Wondering how long it’ll take to swap your engine?
Whether you’re going the DIY route or working with a skilled mechanic, it’s a time-intensive project with plenty of variables.
It goes without saying that an engine swap is procedure that should be handled with delicacy and care, but if done correctly, it can extend the life of the vehicle significantly. It’s also the quickest and most efficient way to significantly up the power that your car can handle. However, it’s not a quick or “simple” process, and there are many pitfalls that can have the potential to derail the whole thing.
This guide will give you an idea of what kind of timeline to expect, along with a general breakdown of some of the procedures that go into a swap.
How Long Does it Take to Swap an Engine?
The average number of hours to swap and engine usually range from 12 hours to an upward of 24+ hours. However, this is only an average, and may be higher or lower on a car-by-car basis. One of the biggest factors going into the length of time you will be working on (or waiting for) your car is which type of vehicle you have. Talk to your mechanic and be open about asking about expected times, but be open to fluctuation.
The amount of time it will take to swap an engine out is dependent upon a lot of factors, such as the condition of your car, the condition of the donor engine, and the skill level and time availability of those working on this project. However, there are a few average metrics to which we can point to give a general idea of how long this project will take.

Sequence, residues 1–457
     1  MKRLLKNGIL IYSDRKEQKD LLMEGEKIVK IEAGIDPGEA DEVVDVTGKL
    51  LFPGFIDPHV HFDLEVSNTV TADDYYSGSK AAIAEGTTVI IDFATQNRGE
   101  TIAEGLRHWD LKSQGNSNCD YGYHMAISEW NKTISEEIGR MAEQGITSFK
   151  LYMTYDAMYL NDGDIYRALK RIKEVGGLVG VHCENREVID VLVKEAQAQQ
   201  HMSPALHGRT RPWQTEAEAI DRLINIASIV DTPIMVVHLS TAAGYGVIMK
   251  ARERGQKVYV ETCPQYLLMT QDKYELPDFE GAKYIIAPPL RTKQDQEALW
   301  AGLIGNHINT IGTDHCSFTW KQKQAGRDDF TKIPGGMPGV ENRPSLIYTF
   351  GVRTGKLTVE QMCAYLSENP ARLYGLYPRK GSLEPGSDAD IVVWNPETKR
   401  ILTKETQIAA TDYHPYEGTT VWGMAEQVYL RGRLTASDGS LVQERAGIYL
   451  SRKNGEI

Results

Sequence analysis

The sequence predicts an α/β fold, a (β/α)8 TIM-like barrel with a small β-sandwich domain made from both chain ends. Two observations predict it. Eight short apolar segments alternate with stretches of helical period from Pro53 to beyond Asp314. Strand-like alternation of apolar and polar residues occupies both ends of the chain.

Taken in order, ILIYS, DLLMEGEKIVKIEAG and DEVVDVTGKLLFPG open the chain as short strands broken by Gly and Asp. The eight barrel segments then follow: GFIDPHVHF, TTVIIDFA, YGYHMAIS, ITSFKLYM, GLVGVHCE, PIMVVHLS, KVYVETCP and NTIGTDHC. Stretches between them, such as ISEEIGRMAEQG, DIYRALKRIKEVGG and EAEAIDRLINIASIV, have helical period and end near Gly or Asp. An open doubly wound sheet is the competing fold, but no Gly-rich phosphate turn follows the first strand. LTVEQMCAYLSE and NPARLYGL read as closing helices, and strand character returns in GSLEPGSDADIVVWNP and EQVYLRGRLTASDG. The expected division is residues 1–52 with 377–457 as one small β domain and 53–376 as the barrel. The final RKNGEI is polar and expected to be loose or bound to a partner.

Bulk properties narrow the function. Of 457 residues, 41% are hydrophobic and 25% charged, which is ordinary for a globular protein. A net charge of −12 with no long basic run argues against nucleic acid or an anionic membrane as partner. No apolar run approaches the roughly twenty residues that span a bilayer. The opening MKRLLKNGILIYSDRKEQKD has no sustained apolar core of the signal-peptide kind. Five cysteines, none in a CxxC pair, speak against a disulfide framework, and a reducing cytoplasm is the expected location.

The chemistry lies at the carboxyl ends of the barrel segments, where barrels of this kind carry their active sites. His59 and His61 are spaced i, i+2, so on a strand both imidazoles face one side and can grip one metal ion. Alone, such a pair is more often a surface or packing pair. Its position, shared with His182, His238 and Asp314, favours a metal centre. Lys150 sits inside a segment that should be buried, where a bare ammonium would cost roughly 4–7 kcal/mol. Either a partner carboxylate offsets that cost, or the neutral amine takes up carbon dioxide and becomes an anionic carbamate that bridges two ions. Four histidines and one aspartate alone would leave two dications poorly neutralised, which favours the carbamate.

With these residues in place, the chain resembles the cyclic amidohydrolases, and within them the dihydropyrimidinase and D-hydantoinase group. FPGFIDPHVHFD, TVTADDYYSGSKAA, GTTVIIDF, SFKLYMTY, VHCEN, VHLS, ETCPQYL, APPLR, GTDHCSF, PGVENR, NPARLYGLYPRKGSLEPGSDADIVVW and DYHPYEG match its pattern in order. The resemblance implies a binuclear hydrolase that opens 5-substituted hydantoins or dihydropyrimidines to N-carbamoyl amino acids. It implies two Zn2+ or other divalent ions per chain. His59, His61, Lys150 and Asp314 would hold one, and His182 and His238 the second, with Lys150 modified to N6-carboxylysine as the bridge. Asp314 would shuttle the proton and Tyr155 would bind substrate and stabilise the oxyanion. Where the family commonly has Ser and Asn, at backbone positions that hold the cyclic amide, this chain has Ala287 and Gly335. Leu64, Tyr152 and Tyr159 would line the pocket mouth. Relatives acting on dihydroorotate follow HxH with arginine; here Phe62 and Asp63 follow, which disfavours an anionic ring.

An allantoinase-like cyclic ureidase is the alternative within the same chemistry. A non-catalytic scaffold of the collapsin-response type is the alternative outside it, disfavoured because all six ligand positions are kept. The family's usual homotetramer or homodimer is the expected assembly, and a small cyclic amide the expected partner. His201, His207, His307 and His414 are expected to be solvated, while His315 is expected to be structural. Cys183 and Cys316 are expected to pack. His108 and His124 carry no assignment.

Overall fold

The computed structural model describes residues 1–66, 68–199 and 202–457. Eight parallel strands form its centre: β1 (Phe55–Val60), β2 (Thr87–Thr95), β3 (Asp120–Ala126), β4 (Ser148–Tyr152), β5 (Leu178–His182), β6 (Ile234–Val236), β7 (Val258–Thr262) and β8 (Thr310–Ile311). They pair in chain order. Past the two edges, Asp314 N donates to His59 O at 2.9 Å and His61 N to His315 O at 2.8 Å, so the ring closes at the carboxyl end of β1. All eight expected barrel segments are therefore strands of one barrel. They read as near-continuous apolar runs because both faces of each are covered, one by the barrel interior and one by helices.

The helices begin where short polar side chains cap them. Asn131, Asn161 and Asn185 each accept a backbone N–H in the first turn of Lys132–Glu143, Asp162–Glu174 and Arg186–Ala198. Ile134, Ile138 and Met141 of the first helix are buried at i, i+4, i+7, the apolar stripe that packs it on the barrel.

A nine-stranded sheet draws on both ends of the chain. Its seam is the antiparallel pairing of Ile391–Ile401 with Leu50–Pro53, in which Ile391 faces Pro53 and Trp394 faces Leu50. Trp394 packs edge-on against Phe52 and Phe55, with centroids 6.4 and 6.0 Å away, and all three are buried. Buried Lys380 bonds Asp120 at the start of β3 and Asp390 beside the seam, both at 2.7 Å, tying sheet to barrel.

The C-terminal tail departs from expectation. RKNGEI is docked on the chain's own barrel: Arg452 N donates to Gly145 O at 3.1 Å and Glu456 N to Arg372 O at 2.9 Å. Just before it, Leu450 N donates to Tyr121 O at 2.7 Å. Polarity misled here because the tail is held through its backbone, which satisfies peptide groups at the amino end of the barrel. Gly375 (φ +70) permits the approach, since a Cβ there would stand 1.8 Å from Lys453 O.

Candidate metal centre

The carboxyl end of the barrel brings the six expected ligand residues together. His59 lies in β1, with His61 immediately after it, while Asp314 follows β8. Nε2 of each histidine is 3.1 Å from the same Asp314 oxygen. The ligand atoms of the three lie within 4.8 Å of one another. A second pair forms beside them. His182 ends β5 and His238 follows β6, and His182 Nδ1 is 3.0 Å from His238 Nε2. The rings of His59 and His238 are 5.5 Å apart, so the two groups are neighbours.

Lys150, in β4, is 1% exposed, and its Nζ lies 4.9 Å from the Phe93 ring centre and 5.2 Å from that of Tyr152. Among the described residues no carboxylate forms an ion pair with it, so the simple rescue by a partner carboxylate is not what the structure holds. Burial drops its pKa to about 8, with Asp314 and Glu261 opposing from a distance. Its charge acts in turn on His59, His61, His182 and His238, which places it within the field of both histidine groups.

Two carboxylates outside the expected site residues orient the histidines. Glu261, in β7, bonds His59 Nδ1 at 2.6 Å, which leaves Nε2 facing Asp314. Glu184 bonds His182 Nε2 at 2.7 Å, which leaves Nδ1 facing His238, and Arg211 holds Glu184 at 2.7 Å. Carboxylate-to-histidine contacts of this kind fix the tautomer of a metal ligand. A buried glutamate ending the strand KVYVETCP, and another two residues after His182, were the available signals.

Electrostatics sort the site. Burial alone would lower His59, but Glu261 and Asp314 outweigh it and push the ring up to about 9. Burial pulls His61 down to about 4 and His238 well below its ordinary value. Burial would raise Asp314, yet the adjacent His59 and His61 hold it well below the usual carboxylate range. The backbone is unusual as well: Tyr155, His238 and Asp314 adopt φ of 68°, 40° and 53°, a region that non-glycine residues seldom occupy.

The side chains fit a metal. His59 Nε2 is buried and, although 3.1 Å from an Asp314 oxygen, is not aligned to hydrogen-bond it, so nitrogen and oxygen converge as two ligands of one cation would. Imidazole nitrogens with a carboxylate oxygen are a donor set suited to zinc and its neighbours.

If you’re doing this yourself or with an amateur home mechanic, it may take a long time simply because of your learning curve and the time it will take for you to order in parts. However, with a registered mechanic and a fully outfitted garage, swapping an engine itself should take only a full day or two.
Of course, that’s if things go smoothly. The process can easily get quite a bit longer if you run into issues with the vehicle or with part availability.
Average Cost of Labor for Engine Swaps
The cost of an engine replacement will vary widely depending on exactly what you’re asking your mechanic to do. For example, if you’re swapping in a readily available engine into a car into which it readily fits, you may be looking at a bill as low as one thousand dollars (estimate).
It also very much depends on whether you are taking your car to a basic garage, which will bill you an average of fifty to seventy five dollars per labor hour, or to a specialist, who could easily bill you four times as much.
Additionally, if the nature of your car, your old engine, and your new engine will necessarily require a lot of disassembling and rebuilding from scratch, as well as any creative workarounds required due to space available or required, the process could take more experience and much more time — driving up both labor-hour price and overall time costs. Again, make sure that you’re going into this process ready to do your research and speak to your mechanic closely about what they are doing so you aren’t surprised with a bill far steeper than you are willing to pay.
There is no faster and more reliable way to upgrade the performance of your vehicle, and it can greatly expand the life expectancy of your car. However, it’s a finicky and potentially dangerous process that could last several days. Make sure you work with a mechanic you trust, be patient, and remember that front-end communication is key.